Does Literacy and Comprehension Prepare You to be an Asset to Society?

I find myself sitting at my computer at a loss for what to write. I am unsure of my subject and my structure for this paper, and I am afraid that if I don’t accurately portray my thoughts in writing ‘the teacher’ will view me as unfit for the class. Eventually, this will result in a low grade on my essay, in turn causing me to receive a poor grade for the class, consequently lowering my grade point average. If none of my essays are to my teacher’s liking, then I would have to retake this class; this would prolong the time in getting my degree- the degree that I have been working towards and wanting for so long. Finally after all of this I wonder to myself, why do I want this degree, this A, this approval?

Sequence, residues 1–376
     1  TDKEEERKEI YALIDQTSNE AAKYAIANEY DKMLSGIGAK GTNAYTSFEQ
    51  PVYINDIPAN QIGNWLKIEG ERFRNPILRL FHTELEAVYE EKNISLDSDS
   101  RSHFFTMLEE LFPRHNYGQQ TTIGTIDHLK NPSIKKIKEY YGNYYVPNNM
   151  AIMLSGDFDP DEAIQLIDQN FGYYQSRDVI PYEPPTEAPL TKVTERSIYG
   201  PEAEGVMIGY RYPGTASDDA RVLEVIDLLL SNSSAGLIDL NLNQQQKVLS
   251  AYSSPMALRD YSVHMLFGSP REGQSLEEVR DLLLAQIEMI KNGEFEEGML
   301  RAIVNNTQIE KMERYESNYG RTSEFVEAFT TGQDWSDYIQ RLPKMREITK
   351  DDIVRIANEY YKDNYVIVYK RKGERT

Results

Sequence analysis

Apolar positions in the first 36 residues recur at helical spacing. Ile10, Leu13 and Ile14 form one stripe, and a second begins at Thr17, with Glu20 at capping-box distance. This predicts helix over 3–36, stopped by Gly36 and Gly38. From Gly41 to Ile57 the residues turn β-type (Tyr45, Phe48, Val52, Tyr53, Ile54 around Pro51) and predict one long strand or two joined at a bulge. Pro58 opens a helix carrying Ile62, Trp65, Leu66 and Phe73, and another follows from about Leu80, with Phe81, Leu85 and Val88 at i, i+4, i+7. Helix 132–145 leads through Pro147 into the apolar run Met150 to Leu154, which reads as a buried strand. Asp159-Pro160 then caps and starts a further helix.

How many other students my age- no, how many other students have thought these exact same things? We are taught to prepare for the next step in our lives; for example, while in elementary school we should do well to get ready for middle school, middle school you are preparing for high school, and so on. Do we need to achieve a certain grade or comprehension level to be considered worthy for the next grade? Does this ‘level’ or any amount of comprehension prepare you for acquiring a career and overall becoming to an asset to society? Many would argue no, that literacy and comprehension of texts is not enough to become successful in life- but how odd is it that many in our class thought that literacy was enough to attain most of our goals! Literacy, by the definition found on dictionary.com, is “1. the quality or state of being literate, esp. the ability to read and write.” This definition is what many people would say literacy is if asked randomly; but I would like to argue that literacy is not as simplistic as reading and writing; in our class literacy was referred to as a multidimensional concept, but this definition deceives the reader, leading them to believe this is two dimensional, black and white. Then this brings me to the question of this, what are the dimensions of literacy mentioned earlier?